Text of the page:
Refurbishing Old Hand Planes Part 4: Sharpening the iron

Wow, a tremendous response from some of you who are following my restoration articles! Thank you all for your kind words and support!

For those of you just joining us, we’ve been discussing how to refurbish an old Stanley #4 hand plane that I inherited as a family heirloom. If you have missed part 1, part 2, or part 3, feel free to go back and read them. I’ll wait…..

Some of you may have noticed in part 3 that the plane iron was cutting really rough, despite having trued all of the surfaces of the plane so far. The reason is that not only was the iron not all that sharp (like yours truly at times), but the angle of the cut was not optimal. As if that weren’t bad enough, the angle was not homogeneous all the way across, and there was a small knick in the edge.

We’re gonna wanna take care of that I think……

First, we need to do something called “re-establish the primary bevel angle”. Sounds very techie doesn’t it? I assure you it’s very easy to accomplish. All’s we’re really aiming to do is grind a new surface onto the iron that is perfectly flat, and a consistent angle all the way across. We want a general purpose bevel edge on the iron, around 30 degrees (I’ll cover how we know that in just a bit). For this, I will be using three tools:

The reason we use the honing guide, is because like most of you visiting this article, I CANNOT judge angles by eye for sharpening, and, honestly, people that claim they can are, in my opinion, cheating themselves out of sharpening accuracy. Do what you want with your tools, but mine will be using the guide :-).

Anyway, if you take a look at the side of the honing guide, there is a legend that tells you the space in between the end of the guide tool and the tip of the tool that it takes to achieve a desired angle (feel free to do the necessary trigonometry if you don’t wish to use the legend).

From that, I built a really crude “stop block” measuring tool out of MDF, which can not only be used on my plane iron, but on my chisels as well:

This ensures that not only can I set the jig up quickly every time I sharpen my irons and chisels, but also that I will be able to consistently set it up for the exact distance, each and every time. Now grasshopper, you see how we achieved our 30 degree sharpening angle with the jig! Imagine a gong crash right about now. Let’s set up our iron with the 38mm mark and reestablish our bevel with our sandpaper and float glass:

Since the bevel on my iron was so messed up, I had to do this twice. The first time was to make the angle homogeneous, and since a bit more material was removed than anticipated, I re-gauged the distance on my stop block jig and then went across the sandpaper/glass again just to make sure the angle was correct. Once the angle was correct, I finished the bevel off on some 400 grit and 600 grit wet sandpaper to polish the blade a little before I moved to my 1000 grit/6000 grit water stones.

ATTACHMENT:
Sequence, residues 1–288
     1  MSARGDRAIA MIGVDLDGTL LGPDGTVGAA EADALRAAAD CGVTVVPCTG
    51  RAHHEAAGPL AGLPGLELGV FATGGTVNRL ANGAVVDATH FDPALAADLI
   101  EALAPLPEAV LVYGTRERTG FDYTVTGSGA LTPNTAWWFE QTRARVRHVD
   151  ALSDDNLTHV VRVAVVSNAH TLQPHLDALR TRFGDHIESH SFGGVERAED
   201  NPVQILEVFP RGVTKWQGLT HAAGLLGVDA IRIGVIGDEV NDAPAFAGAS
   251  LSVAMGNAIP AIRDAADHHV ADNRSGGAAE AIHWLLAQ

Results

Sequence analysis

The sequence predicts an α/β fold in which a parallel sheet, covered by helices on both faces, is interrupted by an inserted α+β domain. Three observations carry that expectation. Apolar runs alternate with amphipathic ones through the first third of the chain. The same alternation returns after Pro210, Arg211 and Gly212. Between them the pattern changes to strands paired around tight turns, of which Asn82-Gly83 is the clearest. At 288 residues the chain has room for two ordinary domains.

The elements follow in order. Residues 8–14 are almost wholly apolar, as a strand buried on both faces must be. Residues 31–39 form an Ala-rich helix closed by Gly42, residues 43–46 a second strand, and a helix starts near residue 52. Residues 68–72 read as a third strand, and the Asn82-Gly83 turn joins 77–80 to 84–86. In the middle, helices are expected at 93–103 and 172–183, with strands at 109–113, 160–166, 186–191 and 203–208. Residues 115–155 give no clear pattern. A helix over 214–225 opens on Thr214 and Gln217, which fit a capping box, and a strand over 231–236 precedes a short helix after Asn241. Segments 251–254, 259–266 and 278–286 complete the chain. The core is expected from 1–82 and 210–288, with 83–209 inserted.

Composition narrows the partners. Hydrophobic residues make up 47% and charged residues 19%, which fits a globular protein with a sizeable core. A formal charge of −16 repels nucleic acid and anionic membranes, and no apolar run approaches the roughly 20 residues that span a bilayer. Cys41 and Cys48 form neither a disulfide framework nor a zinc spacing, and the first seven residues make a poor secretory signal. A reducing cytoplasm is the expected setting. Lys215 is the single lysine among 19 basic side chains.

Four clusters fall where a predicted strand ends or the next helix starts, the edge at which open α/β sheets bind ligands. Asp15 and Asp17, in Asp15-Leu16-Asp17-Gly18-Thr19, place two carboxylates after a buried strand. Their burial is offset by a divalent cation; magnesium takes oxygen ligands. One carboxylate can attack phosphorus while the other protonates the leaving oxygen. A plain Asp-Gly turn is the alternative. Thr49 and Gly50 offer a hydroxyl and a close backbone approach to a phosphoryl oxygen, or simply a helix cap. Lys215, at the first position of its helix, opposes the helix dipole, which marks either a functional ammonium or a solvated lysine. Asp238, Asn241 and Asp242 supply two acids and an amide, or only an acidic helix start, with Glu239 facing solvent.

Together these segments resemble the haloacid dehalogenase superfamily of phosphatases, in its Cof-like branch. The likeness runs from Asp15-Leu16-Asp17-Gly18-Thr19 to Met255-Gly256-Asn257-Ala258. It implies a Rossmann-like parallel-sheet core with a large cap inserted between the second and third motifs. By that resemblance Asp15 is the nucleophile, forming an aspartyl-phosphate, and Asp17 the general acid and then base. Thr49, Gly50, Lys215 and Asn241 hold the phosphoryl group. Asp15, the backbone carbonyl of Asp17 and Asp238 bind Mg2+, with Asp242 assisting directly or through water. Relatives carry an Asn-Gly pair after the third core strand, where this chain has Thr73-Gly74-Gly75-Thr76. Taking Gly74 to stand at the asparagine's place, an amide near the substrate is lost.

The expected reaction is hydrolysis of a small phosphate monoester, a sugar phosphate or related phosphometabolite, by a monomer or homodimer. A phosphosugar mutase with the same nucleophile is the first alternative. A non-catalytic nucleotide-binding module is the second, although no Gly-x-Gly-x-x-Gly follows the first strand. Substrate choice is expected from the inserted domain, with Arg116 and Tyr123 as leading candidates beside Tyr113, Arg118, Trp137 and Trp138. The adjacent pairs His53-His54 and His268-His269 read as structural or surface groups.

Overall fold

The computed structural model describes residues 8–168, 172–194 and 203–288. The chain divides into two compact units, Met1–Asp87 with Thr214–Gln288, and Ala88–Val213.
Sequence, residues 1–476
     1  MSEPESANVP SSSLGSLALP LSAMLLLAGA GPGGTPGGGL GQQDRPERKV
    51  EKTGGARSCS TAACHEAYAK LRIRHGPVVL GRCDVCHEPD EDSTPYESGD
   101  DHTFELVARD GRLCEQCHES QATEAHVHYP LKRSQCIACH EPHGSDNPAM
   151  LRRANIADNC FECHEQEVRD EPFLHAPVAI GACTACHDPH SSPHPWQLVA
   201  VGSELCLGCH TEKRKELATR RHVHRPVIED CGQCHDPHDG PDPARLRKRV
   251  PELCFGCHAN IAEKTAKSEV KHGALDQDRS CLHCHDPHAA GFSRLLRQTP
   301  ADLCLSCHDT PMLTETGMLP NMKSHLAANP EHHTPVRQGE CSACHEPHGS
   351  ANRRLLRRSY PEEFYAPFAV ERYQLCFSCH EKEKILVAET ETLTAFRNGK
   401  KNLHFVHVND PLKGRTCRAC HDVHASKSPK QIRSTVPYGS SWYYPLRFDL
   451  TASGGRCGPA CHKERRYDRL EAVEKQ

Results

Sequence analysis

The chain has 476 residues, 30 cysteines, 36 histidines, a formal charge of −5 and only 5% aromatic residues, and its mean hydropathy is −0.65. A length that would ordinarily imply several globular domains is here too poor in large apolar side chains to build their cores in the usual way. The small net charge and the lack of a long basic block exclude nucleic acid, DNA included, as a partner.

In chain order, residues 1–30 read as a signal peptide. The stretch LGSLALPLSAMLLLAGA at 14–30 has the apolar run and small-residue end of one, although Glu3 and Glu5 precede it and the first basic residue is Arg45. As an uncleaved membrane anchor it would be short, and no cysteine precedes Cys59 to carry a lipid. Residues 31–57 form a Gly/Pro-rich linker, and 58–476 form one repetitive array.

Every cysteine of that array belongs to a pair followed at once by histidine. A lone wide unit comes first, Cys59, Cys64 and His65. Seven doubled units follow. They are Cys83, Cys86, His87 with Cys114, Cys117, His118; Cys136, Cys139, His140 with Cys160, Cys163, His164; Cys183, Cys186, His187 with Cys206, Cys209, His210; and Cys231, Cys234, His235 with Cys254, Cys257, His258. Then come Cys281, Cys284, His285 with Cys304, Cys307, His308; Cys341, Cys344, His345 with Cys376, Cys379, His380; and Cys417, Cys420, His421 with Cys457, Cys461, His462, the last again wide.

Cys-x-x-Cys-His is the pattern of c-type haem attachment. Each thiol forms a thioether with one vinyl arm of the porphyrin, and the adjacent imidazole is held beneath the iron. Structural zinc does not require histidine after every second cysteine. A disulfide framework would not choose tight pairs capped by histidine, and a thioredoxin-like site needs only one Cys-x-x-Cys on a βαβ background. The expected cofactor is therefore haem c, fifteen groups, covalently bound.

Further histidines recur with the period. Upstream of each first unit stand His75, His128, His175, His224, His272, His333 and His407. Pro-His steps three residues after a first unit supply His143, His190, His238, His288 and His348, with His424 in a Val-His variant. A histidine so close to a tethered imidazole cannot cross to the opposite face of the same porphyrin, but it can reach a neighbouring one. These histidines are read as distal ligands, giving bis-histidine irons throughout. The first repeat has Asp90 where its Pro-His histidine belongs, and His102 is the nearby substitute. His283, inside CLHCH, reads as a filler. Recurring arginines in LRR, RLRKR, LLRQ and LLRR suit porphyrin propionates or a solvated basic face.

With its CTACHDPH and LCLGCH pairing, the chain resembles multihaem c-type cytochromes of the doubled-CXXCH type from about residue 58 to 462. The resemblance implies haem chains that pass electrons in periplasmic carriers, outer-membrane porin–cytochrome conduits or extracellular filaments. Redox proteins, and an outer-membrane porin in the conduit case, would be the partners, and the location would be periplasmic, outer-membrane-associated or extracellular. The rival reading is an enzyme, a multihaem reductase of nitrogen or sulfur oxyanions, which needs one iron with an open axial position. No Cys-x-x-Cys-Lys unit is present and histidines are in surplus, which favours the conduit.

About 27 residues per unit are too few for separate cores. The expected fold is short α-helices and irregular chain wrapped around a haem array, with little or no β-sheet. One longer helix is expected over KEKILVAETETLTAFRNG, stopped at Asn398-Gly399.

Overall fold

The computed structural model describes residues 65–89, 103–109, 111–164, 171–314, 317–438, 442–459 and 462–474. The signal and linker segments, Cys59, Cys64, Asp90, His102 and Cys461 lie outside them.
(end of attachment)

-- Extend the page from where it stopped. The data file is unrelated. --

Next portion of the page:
At this point, we have a nice, consistent bevel worth putting a cutting edge on. To do this, we turn to the water stones! Personally, I would like to take these down to 8000 grit, but there’s only one company who makes a combo wetstone, Norton, and I haven’t been able to quite stomach the 75-something-dollar price tag, especially since the water stones I have are still in good shape. Maybe in the future, but if it’s in your budget, go for it. Let me move on before I go too far off into that tangent. A good practice that I like to adhere to is to keep the stones soaked in water, so they are ready when I need them. Otherwise, you’re looking at soaking them for at least 8 minutes before use. I use one of those disposable tupperware containers, and it seems to work well, but a lot of water stones will often times come with their own “wet storage” containers.

Now, we’ll set up shop on “ye olde workbench” with the water stone and my spray bottle of clean water handy, and at the risk of sounding as long and drawn out as a Joseph Moxon text, I’m going to try to explain how to get a razor sharp edge on to the plane iron. First, we need to put a slight back bevel on the back of the iron, spacing it at around 1 or 2 degrees using a thin strip of metal (I harvested this one from an old sheetrock mud bucket I threw away, but a lot of people use thin metal rulers for this). Why do we have to bevel the back of the blade when we’re cutting with the primary beveled side? The easy answer is that it (theoretically) improves your cut by slightly decreasing the cutting angle.